Many avoiding discussions on meat industry

Tighter supply and slowly recovering economies in Alliance Group's major markets are offering an...
Tighter supply and slowly recovering economies in Alliance Group's major markets are offering an improved outlook for the new season. Photo by Gerard O'Brien.
Wider meat industry discussions over its structure are involving too small a group and there are ''a whole lot of people'' not bothering to attend, Alliance Group chief executive Grant Cuff says.

Addressing a shareholders-suppliers meeting in Oamaru this week, Mr Cuff said it seemed an ''awfully big chunk of the industry just doesn't want to discuss it any further''.

''Those of us that are willing and trying to talk still do, but you can't do it in isolation,'' he said.

Chairman Murray Taggart said Alliance Group participated in a project with other major industry participants to investigate whether a better industry structure was achievable.

The group had been unable to develop a proposal that had universal support from within the group and from the wider industry.

''We may not like all aspects of the current commercial industry model but the reality is, no-one has managed to come up with a better one,'' he said.

Co-operatives with farmer owners tended to have a different position to companies that did not have farmer owners.

''There are different people in the room that have different reasons for their place in the industry,'' he said.

Discussions were ongoing and it would be irresponsible if the company did not take part in them, he said.

Alliance Group had an open mind to commercial consolidation opportunities in the industry but they had to stack up ''and big bang mega-mergers don't fall into that category''.

It would be a high risk strategy to go down that path, he said.

Windsor farmer Grant Ludemann congratulated Alliance Group for the work it had done on getting multi-species processing plants and addressing the issues of rationalisation, but also sounded a note of caution.

''I recall, quite vividly, the financial strife Alliance was in some 20 years ago. I just ask the directors and the management to be aware never to put this company in that position again,'' he said.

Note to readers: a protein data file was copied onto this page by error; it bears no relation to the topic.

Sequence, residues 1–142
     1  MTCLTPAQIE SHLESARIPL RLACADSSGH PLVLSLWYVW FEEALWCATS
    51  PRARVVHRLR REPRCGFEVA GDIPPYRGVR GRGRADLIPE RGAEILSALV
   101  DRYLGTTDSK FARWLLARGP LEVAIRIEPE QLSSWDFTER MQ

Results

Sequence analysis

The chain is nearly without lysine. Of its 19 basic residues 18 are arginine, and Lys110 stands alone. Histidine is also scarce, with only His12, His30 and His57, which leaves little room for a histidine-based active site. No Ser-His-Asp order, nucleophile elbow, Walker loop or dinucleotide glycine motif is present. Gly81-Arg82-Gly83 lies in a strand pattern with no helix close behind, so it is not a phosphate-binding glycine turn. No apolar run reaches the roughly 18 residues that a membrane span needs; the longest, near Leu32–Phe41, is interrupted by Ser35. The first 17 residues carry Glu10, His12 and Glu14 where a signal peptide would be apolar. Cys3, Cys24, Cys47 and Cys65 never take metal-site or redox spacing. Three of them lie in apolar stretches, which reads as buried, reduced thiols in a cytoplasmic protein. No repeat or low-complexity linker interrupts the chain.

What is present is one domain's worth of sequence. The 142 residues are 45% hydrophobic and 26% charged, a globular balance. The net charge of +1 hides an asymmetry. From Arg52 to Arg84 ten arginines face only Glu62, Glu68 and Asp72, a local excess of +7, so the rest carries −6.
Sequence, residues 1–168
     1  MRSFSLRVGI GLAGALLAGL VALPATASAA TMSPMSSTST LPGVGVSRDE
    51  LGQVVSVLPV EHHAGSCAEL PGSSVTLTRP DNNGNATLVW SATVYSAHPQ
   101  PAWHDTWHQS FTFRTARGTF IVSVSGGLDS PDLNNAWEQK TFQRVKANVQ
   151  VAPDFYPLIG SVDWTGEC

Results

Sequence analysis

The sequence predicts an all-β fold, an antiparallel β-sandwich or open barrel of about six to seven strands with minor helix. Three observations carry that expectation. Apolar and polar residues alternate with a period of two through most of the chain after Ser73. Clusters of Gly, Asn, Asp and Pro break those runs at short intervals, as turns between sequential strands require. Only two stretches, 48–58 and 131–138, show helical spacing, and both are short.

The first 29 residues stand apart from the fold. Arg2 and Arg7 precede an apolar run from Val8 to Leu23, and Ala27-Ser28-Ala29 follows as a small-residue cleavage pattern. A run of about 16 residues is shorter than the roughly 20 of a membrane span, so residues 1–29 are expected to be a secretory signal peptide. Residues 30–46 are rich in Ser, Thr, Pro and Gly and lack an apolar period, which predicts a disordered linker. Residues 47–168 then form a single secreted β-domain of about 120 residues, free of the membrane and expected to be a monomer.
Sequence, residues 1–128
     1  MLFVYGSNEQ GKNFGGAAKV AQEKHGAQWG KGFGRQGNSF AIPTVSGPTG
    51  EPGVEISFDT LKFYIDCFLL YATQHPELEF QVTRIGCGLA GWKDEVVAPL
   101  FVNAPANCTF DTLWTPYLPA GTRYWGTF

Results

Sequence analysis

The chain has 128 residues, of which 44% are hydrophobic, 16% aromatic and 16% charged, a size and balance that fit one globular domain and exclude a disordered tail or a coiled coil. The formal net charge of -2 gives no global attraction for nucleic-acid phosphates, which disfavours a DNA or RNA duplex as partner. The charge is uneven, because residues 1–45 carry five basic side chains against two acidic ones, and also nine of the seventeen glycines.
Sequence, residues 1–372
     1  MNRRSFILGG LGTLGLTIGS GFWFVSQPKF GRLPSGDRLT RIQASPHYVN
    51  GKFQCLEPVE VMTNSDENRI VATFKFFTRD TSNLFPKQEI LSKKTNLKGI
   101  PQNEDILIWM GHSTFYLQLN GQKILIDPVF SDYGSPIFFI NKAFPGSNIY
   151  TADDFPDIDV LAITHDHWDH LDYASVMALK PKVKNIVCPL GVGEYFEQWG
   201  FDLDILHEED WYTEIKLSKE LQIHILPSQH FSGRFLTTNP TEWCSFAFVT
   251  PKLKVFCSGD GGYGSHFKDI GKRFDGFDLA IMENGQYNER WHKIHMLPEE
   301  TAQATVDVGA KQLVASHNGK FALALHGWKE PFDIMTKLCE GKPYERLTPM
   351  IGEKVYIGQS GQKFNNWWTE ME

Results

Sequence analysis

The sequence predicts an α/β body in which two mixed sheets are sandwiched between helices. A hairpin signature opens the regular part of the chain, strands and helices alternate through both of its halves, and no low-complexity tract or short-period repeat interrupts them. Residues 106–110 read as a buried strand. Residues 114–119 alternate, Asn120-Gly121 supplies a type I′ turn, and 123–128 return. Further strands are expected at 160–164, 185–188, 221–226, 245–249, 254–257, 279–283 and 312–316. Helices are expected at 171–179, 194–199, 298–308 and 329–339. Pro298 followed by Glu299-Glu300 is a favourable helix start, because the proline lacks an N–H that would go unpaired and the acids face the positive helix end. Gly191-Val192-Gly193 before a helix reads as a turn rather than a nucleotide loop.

Mr Ludemann believed the company was ''on the right lines at the moment''.

Mr Cuff said the red meat industry had not failed.

A lot of change had occurred and was occurring, in the industry, in the world and in agriculture.

''We're moving with that. We believe the changes we've made so far have been, within our industry, significant and successful.

''We believe we are continually and successfully evolving as the world changes around us,'' he said.

Mr Taggart said 2013 had been another tough year for meat processors and exporters, particularly in the first quarter.

Financial results for the recent financial year would reflect challenging market conditions and dispel any suggestion that lower schedule prices were to enable companies to rebuild their balance sheets, he said.

Last year, the co-operative plunged into the red, reporting its first operating loss ($57 million before restructuring costs) in 20 years.

This year's result would be announced ''in due course''. At this stage, subject to audit, the company was profitable, with good equity ratio and operating cash flow, Mr Taggart said.

However, profitability remained at unacceptably low levels and there would be no profit distribution or dividend to shareholders.

He said emerging market access had been challenging for the company, a reference to the situation at its Pukeuri plant, when its certification to export to China was revoked, causing 240 workers to be sent home.

''Some of this has been of our own making and some outside of our control.

''The reality is that the customer is always right,'' he said.

It was up to the company to understand and comply with the requirements of the importing country.

The company had upgraded its system to avoid a repeat of the access issues.

Overseas markets remained sluggish, particularly for higher value cuts.

The Chinese market continued to experience strong growth and, while it offered exciting potential, Alliance Group was conscious of the risks of over-reliance on one market.

Looking ahead, tighter supply and slowly recovering economies in the company's major markets offered an improved outlook for the new season.

Last season, Alliance Group introduced an advanced payment on lamb supply, through platinum and gold suppliers, and the initiative was well received, Mr Taggart said.

The push to reward loyal suppliers continued and this season that advance payment was being extended to prime cattle and deer.

The company was also introducing paying of stock cartage from the start of January.

Mr Cuff said the company was picking $90 to $100 a lamb for the new season.

sally.rae@odt.co.nz

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